CHARLOTTE, N.C. – Heading into the 2019 season, the Pittsburgh Panthers have some questions at a handful of position groups.
Just one returner returns on the offensive line, one starter is back in the linebacker group, and at running back – as it has been noted ad nauseam – the Panthers lost a pair of 1,000-yard rushers.
But last week at ACC Kickoff at the Westin in Charlotte, there was one position cluster that everyone in attendance for Pitt had boatloads of confidence in. Little inquiries were made about the reliability and durability of this particular gang.
Pitt’s defensive backs might be the group that has the least amount of questions attached to it and it’s a core that the Panthers are expecting to be a strength this season.
“I think we’re coming along pretty strong,” senior corner Dane Jackson said. “There’s a lot of buzz out there about us, but we’re not really focused on that. Our starters are strong, but we also have those backups who, in my opinion, can start anywhere else in the country. I think that pushes the starters to go harder.”
Last year, Pitt ranked in the top 50 of FBS in passing completions, percentage and yards allowed per-game, and ranked 32nd in passing first downs allowed, a mark that was fourth best in the ACC.
Jackson was second in the ACC — and 14th in the country — in passes defended with 14. Jackson also had four forced fumbles, which was also the second most in the conference. He developed a reputation as having a nose for the ball.
In practice, Maurice Ffrench often gets frustrated when he sees Jackson line up across from him.
“Dane is a good corner. Every time we go against each other, nothing but a battle,” Ffrench said. “We compete at a high level. I would say Dane is really smart. His technique is very sound. You really have to work a move on him. If you try to slow down at the top of a route, he knows where you’re breaking. He’s going to be underneath you. If you’re breaking out, he is definitely undercutting it and he will pick a ball. If you’re not a good quarterback, you don’t have a good arm, don’t get it there, Dane will be on that ball.”
Jackson didn’t have an interception last season, but picked off a pair of passes in 2017 and another in 2016. Leading Pitt in the pick department last season was Damar Hamlin and Jason Pinnock, who each had two and are both returning this year.
Hamlin, who also led the team in total tackles last year with 90, will get the starting nod at free safety. Pinnock will take hold of the other corner spot opposite of Jackson. Between the three of them last year were 11 forced turnovers and 24 pass breakups.
And Narduzzi likes to say that he really has three starting cornerbacks, even though the limitations of an old school depth chart won’t allow it to be listed that way. He pointed to junior Damarri Mathis as another key returner that solidifies the group.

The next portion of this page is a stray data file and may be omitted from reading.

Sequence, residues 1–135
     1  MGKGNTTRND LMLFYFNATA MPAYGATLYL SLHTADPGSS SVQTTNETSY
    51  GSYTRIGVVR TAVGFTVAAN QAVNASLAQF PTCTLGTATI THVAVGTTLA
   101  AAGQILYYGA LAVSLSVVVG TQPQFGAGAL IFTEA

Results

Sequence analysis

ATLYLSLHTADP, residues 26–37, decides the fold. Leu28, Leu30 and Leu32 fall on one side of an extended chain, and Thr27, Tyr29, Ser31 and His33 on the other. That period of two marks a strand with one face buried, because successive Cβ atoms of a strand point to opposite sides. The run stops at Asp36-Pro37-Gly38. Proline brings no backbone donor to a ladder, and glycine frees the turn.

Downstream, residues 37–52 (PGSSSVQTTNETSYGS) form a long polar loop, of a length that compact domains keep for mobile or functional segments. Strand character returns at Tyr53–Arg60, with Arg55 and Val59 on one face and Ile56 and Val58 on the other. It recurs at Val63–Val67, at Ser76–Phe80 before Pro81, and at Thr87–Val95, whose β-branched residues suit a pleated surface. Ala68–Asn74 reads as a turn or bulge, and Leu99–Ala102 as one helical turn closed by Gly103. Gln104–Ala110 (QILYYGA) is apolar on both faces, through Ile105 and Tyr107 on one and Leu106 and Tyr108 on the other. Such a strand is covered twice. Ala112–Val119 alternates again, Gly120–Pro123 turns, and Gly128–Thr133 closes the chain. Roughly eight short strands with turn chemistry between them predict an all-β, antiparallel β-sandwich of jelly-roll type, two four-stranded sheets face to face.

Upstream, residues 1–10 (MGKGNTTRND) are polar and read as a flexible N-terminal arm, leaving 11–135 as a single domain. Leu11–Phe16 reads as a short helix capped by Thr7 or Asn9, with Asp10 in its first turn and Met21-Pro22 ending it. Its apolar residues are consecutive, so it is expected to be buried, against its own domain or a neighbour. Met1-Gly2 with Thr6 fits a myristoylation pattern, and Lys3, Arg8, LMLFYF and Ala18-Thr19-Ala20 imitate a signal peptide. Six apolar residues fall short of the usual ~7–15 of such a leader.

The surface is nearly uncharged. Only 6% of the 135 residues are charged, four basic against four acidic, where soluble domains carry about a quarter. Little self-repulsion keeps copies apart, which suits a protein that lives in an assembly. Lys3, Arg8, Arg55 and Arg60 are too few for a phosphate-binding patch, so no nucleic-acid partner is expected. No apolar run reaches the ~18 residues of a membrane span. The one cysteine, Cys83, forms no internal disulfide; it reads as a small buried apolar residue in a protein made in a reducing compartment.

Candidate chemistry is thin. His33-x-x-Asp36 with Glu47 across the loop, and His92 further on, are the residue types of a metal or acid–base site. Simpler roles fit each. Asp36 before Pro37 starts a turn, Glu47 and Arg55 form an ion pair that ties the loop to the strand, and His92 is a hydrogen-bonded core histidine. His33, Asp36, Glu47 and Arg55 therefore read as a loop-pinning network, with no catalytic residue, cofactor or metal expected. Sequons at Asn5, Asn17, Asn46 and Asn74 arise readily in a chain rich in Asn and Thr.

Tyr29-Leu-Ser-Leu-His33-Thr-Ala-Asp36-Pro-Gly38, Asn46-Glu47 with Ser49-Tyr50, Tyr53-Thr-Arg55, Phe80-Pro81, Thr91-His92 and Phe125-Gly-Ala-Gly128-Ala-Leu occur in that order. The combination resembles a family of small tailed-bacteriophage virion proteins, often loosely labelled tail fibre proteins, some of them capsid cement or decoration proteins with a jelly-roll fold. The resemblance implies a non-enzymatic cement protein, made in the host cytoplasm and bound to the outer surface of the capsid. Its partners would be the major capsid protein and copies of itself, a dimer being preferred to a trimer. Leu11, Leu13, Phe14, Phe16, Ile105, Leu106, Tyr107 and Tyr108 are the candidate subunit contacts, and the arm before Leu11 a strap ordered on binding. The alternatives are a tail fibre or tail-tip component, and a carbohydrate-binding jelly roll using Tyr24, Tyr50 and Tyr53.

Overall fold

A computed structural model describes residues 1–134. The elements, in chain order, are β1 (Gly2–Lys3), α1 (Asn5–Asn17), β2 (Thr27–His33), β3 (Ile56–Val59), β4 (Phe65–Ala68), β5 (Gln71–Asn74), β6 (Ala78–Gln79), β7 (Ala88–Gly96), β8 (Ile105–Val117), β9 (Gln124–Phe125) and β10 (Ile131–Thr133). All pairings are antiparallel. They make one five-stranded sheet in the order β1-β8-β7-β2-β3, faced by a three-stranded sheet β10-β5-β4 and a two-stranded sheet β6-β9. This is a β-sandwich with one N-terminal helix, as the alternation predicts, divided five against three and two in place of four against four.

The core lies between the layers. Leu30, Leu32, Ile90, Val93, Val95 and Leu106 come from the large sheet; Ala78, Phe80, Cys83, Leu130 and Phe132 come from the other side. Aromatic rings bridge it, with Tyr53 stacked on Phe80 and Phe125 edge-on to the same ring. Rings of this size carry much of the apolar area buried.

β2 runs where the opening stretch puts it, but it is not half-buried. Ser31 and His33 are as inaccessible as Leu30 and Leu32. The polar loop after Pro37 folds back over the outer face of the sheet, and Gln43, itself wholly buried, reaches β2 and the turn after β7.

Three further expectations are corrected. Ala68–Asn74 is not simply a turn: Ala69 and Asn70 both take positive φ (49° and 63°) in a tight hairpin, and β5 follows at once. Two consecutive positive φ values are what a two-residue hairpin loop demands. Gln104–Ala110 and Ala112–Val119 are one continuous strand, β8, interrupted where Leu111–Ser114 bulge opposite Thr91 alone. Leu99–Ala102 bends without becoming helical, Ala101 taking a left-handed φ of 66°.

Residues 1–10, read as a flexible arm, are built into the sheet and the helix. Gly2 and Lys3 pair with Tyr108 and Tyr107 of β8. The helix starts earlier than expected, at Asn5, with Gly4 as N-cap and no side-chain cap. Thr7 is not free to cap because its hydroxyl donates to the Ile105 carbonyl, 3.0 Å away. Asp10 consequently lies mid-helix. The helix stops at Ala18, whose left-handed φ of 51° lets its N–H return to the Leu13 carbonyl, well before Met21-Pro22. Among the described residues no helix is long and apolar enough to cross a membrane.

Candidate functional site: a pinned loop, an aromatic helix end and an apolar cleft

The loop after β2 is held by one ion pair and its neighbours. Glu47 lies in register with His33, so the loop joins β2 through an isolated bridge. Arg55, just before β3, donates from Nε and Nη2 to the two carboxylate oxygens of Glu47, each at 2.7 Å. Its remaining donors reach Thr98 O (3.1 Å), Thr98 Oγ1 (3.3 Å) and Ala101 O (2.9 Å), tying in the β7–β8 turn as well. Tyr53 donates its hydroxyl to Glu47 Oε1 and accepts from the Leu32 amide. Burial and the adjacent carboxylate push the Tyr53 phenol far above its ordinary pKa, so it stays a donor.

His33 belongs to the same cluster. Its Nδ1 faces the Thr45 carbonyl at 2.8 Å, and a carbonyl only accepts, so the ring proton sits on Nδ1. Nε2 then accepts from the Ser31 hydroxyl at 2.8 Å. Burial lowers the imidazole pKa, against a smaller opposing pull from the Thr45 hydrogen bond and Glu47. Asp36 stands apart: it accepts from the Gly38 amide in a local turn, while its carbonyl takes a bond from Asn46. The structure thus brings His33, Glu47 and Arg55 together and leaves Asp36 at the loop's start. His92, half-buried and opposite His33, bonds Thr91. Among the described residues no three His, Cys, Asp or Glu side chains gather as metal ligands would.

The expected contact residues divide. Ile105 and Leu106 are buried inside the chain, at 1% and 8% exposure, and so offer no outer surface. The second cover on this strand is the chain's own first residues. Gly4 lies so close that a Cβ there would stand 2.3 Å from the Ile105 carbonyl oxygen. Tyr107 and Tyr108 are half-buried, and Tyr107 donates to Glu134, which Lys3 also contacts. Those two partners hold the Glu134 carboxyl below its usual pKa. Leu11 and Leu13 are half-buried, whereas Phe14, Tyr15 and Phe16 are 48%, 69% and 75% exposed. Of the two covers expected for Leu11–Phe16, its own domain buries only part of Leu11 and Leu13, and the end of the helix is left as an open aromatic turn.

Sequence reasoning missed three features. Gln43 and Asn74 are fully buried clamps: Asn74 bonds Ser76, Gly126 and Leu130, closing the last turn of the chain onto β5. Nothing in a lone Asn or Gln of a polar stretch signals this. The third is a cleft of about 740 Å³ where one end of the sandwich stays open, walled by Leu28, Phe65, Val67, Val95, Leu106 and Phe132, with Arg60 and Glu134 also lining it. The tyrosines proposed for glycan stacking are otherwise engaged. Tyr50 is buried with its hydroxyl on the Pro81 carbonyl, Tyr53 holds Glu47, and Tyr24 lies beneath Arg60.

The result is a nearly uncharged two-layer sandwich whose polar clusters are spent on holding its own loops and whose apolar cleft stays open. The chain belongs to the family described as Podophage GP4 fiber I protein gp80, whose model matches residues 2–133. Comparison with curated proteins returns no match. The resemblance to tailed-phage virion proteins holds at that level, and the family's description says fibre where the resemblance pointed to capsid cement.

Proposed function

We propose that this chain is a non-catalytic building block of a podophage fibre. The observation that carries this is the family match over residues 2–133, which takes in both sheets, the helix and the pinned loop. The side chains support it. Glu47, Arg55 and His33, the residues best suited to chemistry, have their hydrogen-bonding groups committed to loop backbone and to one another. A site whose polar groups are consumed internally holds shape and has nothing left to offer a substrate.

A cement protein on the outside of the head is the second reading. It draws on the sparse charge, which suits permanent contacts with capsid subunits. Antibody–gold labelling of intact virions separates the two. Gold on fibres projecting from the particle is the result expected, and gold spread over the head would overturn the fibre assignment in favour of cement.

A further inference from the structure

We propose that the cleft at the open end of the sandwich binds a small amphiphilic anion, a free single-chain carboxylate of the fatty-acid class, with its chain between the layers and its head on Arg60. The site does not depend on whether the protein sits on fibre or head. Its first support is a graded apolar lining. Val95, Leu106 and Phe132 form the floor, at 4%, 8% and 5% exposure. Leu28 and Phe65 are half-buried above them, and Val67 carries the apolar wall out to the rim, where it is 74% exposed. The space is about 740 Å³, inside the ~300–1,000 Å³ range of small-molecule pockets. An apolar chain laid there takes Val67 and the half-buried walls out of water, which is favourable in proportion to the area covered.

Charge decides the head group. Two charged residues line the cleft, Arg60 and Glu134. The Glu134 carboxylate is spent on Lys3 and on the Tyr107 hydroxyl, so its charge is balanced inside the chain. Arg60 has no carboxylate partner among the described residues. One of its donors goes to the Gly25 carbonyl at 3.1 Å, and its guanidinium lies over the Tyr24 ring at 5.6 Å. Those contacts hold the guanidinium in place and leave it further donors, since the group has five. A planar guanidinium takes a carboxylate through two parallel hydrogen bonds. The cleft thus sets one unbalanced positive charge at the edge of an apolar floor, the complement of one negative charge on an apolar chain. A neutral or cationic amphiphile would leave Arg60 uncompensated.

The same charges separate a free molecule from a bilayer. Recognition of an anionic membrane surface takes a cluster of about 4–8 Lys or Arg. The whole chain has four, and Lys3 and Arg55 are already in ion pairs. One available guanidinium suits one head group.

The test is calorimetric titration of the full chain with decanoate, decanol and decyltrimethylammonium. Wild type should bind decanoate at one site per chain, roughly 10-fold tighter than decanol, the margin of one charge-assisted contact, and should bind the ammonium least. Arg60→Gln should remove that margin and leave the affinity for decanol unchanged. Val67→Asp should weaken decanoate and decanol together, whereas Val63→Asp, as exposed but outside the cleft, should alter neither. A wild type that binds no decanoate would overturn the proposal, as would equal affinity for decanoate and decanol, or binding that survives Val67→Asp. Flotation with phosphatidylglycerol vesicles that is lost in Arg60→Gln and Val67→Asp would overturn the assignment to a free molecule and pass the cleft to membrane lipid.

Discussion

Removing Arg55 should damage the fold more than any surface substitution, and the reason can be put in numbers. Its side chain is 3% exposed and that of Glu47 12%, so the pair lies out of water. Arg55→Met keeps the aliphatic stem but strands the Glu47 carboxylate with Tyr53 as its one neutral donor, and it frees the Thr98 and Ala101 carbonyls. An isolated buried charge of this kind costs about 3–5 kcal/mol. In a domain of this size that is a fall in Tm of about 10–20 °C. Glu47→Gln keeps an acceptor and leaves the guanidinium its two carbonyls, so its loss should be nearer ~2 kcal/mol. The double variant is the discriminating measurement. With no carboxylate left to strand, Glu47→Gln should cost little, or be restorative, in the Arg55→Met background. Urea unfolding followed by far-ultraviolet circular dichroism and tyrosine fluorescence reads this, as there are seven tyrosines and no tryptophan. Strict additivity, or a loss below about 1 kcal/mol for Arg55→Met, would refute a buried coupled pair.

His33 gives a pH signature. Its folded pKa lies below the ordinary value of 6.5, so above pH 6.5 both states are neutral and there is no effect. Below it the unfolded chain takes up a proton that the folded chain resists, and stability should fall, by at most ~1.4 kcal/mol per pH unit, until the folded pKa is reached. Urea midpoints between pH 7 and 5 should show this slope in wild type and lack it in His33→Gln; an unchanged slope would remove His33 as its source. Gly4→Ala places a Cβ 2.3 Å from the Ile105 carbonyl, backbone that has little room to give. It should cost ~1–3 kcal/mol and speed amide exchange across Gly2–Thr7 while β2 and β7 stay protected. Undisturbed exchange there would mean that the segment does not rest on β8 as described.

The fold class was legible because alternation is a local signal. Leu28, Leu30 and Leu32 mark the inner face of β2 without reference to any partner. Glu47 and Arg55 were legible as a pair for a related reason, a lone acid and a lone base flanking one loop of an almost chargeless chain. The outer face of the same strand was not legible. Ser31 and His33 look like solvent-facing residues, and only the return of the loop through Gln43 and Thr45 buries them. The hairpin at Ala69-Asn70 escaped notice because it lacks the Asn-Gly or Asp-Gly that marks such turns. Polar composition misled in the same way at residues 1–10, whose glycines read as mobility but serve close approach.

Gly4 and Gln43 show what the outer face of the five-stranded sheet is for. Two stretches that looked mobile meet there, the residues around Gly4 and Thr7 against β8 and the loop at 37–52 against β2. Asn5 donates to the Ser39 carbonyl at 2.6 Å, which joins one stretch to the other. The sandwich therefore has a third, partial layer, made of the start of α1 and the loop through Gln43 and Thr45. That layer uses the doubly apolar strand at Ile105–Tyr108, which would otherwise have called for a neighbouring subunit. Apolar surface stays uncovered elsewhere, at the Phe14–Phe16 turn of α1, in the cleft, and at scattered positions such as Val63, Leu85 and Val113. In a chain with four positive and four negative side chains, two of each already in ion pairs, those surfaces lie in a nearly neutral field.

“With Jason Pinnock, Dane Jackson and Damarri Mathis, I feel like we have three starters and they’ll go through camp starting,” Narduzzi said. “Those are three really good corners that we can win a lot of football games with.”
Mathis played in every game for Pitt last season, even starting twice against Albany and Syracuse. He racked up 18 tackles, 2.5 tackles for losses and one interception.
Filling the void at strong safety after the graduation of Dennis Briggs is a player that many – including Narduzzi – have high hopes for in Steel Valley High School product Paris Ford.
“Paris Ford has come a long way in a year,” Narduzzi said. “I can’t wait to watch that guy play. He’ll be the baby back there, but he’s a football player.”
Ford, now a redshirt sophomore, was once a highly-touted four star recruit, but has struggled at times to find a niche with the Pitt defense. After sitting out his true freshman season with a redshirt, Ford played in nine games last season, but mostly on special teams and as a reserve corner, where he totaled just five tackles. He’s now back in his preferred role of safety.
“Paris has come a long way.” Jackson said. “I’m so proud of him because he’s changed his focus. When he first came in, everything didn’t go as smooth as he expected. Things were kind of going downhill, but he reversed it quick, became more focused, got stronger in the weight room, changed his mental level in the film room. I’m happy for him.”
Math shows that the average passing offense Pitt faces game-to-game this year won’t be so lethal. Pitt’s opponents this upcoming season passed for a combined average of 214.3 yards per-game last year, a mark that would’ve ranked 82nd in all of FBS.
Still, if Pitt wants to win more games than it did last year, if it wants to capture the Coastal again, it will need its defensive backs to not only be as good as they were in 2018, but to be even better.
Narduzzi is confident that, with a blessing from the football Gods, the Panthers’ DB’s can do that.
“Our secondary can be very salty,” Narduzzi said. “If we stay healthy.”